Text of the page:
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Freed robbery defendant blasts federal prosecutors on YouTube

A robbery defendant who won his freedom because of procedural errors by prosecutors has gone on YouTube proclaiming his innocence and blasting the government’s handling of his case.

“I’m definitely going to be coming after the government civilly,” Brian Wright says in the nine-minute YouTube video.

Wright, 31, also criticizes a May 7 Las Vegas Review-Journal story that reported prosecutors considered him the mastermind of a series of jewelry story robberies in 2014. More than $1.1 million in jewelry is still missing from the three thefts.

 

Federal prosecutors gave Wright, who already had a felony record, a huge break in April under pressure from a judge who criticized them for failing to turn over key evidence to the defendant until the morning of his trial.

Because of the errors, U.S. District Judge Andrew Gordon cut the number of days the government could present evidence against Wright, who was defending himself, from five to one. Prosecutors decided it was better to strike a deal than to go to trial.

Had Wright been convicted at trial, he would have faced 100 years in prison. Instead, his plea agreement recommended giving him credit for the two years he spent in custody waiting to be tried, and he was immediately released pending his sentencing.

Wright pleaded guilty to a single gun possession charge.

“There was no amazing plea deal,” Wright says in the video, as he accuses prosecutors of falsely charging him. “It was illegal conduct, nothing but illegal conduct.”

Wright, who is to be sentenced July 21, denies in the video that he had anything to do with the robberies and says he was charged with “committing another man’s crimes.”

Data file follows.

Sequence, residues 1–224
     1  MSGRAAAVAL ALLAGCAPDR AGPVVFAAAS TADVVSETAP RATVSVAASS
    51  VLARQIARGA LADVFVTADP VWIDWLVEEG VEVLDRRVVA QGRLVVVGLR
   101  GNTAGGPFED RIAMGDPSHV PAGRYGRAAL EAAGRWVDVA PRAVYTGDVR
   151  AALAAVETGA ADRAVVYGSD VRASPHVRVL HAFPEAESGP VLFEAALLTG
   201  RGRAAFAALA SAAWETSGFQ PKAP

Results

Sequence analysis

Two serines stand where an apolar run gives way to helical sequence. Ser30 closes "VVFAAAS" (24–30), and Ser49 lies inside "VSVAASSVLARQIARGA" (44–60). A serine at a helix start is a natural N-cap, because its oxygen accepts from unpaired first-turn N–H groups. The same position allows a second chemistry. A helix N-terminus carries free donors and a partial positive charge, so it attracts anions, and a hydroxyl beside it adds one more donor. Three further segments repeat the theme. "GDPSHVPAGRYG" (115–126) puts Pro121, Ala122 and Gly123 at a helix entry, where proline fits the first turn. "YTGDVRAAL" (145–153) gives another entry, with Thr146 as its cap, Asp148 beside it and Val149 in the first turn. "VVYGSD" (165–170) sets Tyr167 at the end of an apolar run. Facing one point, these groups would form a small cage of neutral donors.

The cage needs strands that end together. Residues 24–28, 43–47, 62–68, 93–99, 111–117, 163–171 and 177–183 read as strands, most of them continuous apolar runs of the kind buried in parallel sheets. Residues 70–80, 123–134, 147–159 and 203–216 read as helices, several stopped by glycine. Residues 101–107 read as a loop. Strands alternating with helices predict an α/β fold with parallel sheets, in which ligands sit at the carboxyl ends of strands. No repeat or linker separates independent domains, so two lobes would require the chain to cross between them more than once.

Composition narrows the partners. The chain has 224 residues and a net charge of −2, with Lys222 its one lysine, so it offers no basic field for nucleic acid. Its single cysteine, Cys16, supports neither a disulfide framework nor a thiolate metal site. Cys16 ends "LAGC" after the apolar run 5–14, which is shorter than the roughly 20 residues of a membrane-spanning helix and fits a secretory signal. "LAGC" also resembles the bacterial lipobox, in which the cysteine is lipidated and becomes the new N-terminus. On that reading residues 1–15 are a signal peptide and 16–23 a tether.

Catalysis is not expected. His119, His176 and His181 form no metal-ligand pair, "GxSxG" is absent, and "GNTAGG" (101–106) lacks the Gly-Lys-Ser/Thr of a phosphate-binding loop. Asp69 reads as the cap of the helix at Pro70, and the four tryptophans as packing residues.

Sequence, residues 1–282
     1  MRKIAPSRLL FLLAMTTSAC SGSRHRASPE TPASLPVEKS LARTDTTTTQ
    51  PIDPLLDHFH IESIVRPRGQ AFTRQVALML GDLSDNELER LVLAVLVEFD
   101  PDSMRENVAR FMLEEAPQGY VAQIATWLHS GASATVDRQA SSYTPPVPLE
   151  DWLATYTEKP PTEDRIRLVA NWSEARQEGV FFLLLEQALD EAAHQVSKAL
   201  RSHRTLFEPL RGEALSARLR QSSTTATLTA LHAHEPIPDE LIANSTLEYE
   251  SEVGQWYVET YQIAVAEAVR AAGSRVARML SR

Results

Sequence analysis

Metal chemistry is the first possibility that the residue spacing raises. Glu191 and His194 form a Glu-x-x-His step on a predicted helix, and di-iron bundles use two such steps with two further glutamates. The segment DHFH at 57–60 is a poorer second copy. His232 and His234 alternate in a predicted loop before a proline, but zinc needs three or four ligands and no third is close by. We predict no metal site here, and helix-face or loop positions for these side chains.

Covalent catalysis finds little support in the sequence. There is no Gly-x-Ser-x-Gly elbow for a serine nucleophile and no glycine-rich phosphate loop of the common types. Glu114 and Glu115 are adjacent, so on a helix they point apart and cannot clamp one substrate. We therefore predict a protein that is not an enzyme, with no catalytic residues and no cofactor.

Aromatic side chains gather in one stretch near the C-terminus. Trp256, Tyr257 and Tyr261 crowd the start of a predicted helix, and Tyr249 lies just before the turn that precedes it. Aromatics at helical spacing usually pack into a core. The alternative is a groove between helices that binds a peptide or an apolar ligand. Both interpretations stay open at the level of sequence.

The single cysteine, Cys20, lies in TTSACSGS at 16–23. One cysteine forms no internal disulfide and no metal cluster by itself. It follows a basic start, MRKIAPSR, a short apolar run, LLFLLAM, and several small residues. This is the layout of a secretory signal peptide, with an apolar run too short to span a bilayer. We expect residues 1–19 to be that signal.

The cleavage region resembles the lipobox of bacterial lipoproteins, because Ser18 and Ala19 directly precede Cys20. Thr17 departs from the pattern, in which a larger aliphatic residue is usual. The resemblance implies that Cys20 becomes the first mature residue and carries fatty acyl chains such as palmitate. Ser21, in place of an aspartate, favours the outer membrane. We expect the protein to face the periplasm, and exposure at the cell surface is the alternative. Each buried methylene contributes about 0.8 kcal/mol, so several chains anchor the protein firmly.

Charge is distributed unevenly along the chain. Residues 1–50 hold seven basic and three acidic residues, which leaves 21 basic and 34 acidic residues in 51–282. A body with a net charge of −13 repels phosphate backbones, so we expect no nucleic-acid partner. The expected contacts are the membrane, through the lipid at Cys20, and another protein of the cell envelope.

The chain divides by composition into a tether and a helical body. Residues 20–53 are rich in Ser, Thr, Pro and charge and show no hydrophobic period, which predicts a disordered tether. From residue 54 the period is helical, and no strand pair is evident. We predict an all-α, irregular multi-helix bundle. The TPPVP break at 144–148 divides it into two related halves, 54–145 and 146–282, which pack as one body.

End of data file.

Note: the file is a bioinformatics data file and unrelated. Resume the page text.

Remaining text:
That man is co-defendant Philbert Cole, who Wright alleges “committed the crimes alone.”

Cole secretly pleaded guilty more than a year ago and cooperated with the government. He faces roughly 15 years in prison at his Aug. 17 sentencing, but he and his lawyer Lisa Rasmussen are looking for a better deal in light of Wright’s plea agreement.

Rasmussen said Cole told authorities that Wright planned the robberies, provided him with firearms to carry them out and took possession of most of the jewelry.

Wright has served prison time for a previous conviction for conspiracy to commit robbery, she said.

Nevada U.S. Attorney Daniel Bogden declined to respond Wednesday to Wright’s allegations in the YouTube video.

But he said the government would be filing a memorandum addressing Wright’s guilt on the gun possession charge before his sentencing next month.

Bogden also said he reviewed what had occurred in court between Gordon and the prosecutors on the case and has “dealt with it appropriately.” But he would not discuss what action he took.

Contact Jeff German at jgerman@reviewjournal.com or 702-380-8135. Find him on Twitter: @JGermanRJ

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